wildly curious
Play Live Radio
Next Up:
0:00 0:00
Available On Air Stations
It seems like everyday you hear about a new do-it-all fitness regimen or a new study showing that the exercises that you once thought were best are actually bad for you. In our 21st Century Fitness series, we consult the brightest minds to try to cut through the fat and find out what it really takes to be fit and healthy today.

What's the Human Body Good For?

Image by "Patriziasoliani" via CC/Flickr, http://bit.ly/1b00PBV

Like every other organism on the planet, humans evolved over thousands of years to survive and thrive under rather specific circumstances. But what exactly is the human body adapted for? The evolutionary biologist Daniel Lieberman poses and attempts to answer that question in a new book. Lieberman says the human body is in many ways a Stone Age creation, better suited to the demands of a hunter-gatherer lifestyle than to 9-to-5 office work. He’ll join us Tuesday to explore the story of the human body.

Daniel Lieberman will be in Salt Lake City later this week for an event as part of the Utah Humanities Book Festival, which is unfortunately sold out. You can however, join Dr. Lieberman, one of the leading proponents of barefoot running, this Friday, October 4, at 7:30 in the morning for a non-competitive 4 kilometer trail run along the Bonneville Shoreline Trail south of the Natural History Museum of Utah. Runners can wear as little or as much footwear as they like. Dr. Lieberman will give a brief overview of his research on barefoot running before hitting the trail. Registration is required. More details.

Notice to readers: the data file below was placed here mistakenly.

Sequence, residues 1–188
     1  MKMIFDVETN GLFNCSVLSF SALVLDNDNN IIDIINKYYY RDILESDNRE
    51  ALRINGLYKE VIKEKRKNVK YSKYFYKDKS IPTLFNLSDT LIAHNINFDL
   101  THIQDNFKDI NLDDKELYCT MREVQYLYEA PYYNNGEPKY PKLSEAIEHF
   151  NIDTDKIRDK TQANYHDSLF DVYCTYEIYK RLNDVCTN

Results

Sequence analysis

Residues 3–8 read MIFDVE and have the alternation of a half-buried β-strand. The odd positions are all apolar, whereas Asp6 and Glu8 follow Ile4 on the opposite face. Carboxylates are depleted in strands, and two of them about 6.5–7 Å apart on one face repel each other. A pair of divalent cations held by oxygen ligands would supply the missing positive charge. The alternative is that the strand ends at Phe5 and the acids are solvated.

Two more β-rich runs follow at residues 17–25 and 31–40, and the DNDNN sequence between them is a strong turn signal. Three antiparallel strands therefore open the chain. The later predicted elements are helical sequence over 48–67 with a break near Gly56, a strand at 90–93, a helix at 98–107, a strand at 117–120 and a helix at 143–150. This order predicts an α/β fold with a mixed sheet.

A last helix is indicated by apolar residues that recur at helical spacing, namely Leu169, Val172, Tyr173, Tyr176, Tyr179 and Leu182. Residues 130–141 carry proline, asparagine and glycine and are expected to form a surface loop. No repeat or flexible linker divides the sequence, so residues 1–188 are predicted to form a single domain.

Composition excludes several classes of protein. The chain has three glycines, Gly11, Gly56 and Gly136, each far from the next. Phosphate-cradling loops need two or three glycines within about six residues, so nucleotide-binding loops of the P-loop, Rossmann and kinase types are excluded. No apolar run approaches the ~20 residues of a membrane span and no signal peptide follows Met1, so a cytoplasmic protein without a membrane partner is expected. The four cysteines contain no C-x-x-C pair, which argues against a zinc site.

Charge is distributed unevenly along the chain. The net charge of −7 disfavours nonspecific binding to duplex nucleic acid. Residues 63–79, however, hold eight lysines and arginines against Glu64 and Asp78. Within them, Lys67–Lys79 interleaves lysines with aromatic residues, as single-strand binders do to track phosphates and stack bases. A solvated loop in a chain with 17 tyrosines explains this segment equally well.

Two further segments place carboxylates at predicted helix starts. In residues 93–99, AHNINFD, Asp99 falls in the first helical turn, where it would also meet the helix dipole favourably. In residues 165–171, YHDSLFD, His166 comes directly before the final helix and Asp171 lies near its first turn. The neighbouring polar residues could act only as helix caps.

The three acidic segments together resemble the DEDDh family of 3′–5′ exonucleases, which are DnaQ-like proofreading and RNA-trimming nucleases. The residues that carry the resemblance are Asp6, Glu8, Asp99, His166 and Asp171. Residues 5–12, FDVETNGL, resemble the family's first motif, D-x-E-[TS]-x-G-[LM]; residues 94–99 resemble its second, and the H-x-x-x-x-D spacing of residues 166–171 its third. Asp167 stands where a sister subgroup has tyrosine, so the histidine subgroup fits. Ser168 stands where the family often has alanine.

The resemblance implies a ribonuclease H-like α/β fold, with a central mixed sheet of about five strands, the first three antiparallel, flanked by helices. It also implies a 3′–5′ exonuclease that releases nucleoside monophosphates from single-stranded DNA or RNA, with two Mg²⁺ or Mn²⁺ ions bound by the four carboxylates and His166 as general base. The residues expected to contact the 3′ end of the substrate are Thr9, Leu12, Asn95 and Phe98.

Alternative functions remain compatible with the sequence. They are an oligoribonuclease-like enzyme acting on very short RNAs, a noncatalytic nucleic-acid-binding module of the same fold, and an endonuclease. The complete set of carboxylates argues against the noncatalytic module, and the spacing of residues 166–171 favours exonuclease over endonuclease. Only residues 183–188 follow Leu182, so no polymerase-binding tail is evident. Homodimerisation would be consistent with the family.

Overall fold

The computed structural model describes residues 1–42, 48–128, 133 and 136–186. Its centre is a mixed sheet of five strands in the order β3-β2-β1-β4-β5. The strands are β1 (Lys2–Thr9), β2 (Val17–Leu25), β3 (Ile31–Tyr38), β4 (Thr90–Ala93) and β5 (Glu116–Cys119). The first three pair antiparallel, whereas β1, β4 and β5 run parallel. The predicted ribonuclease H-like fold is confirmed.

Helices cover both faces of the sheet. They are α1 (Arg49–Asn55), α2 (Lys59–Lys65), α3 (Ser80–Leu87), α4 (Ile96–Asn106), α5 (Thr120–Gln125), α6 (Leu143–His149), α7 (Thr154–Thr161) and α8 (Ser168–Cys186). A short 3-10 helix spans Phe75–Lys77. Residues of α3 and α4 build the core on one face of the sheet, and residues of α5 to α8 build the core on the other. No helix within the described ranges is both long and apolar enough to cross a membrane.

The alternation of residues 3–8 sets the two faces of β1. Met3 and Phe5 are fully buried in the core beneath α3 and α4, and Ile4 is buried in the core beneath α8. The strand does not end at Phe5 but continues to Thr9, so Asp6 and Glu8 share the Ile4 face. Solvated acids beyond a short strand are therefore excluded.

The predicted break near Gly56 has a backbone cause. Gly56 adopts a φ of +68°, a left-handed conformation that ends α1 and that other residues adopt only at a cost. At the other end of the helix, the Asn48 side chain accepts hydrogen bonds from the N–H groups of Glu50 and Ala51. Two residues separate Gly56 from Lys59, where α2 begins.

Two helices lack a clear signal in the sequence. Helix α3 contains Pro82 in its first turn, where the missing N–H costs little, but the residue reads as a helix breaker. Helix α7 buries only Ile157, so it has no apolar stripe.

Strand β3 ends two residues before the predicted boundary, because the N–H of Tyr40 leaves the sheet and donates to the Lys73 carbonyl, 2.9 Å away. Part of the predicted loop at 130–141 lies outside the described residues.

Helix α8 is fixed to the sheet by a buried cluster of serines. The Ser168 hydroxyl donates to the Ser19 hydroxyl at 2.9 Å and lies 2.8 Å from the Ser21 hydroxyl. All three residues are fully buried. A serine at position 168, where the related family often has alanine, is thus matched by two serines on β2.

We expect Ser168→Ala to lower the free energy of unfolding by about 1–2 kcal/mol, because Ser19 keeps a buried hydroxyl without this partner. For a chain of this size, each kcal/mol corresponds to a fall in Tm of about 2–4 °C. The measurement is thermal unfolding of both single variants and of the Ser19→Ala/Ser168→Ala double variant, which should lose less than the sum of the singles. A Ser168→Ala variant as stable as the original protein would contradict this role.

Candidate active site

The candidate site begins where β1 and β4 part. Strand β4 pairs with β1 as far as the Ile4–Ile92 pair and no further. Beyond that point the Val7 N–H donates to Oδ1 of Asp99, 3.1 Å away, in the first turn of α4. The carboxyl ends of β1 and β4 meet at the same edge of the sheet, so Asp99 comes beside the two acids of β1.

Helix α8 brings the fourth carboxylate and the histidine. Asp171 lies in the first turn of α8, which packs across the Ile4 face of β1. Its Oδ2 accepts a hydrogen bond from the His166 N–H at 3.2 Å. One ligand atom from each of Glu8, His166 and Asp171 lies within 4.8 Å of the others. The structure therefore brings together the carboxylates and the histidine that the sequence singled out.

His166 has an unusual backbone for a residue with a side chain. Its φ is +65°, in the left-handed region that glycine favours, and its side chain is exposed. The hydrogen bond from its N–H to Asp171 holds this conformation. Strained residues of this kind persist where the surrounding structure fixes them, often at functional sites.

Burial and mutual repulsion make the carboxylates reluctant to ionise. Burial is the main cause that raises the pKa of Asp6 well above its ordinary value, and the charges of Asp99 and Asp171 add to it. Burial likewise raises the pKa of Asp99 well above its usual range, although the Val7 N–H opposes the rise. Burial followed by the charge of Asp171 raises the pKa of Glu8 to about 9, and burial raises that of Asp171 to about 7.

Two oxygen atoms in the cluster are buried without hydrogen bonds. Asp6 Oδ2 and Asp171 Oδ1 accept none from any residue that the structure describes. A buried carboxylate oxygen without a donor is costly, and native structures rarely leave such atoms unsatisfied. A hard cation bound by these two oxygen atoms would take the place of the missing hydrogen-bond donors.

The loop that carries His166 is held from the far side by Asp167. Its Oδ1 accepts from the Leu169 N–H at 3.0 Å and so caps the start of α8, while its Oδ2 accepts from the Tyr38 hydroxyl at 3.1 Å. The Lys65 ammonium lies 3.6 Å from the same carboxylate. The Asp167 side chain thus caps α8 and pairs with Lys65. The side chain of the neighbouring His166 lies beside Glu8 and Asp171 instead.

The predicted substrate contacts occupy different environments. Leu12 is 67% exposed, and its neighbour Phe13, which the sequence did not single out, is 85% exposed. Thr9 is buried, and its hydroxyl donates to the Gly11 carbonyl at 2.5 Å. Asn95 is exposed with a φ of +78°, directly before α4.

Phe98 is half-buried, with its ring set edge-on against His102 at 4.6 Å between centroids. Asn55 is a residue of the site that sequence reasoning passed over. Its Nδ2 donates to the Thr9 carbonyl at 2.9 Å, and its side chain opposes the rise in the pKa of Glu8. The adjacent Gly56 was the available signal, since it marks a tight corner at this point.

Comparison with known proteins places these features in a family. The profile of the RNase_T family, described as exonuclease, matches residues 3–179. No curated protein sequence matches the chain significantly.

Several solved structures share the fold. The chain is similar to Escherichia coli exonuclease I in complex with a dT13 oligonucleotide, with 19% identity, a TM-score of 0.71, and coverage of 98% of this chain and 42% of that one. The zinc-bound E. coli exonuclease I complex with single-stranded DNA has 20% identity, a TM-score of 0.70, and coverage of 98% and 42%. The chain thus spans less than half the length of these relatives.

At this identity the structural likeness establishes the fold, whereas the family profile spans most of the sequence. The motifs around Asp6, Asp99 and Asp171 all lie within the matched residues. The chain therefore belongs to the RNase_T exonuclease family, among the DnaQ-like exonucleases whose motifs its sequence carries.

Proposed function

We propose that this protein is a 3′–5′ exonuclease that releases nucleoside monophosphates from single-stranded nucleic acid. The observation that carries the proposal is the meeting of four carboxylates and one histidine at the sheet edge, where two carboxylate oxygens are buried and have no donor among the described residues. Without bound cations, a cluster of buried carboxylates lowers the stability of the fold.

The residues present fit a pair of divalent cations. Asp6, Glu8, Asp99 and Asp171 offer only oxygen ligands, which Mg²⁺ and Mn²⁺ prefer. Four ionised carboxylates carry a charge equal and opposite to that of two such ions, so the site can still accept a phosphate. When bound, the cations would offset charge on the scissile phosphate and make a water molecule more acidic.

Daniel Lieberman is a professor of human evolutionary biology and the Edwin M. Lerner II Professor of Biological Science at Harvard University. He has written more than a hundred articles, many of which have appeared in the journals Nature and Science. His new book is called The Story of the Human Body: Evolution, Health and Disease [Amazon|Indiebound].

Doug Fabrizio has been reporting for KUER News since 1987, and became News Director in 1993. In 2001, he became host and executive producer of KUER's RadioWest, a one hour conversation/call-in show on KUER 90.1 in Salt Lake City. He has gained a reputation for his thoughtful style. He has interviewed everyone from Isabel Allende to the Dalai Lama, and from Madeleine Albright to Desmond Tutu. His interview skills landed him a spot as a guest host of the national NPR program, "Talk of the Nation." He has won numerous awards for his reporting and for his work with RadioWest and KUED's Utah NOW from such organizations as the Society of Professional Journalists, the Utah Broadcasters Association, the Public Radio News Directors Association and the Academy of Television Arts and Sciences.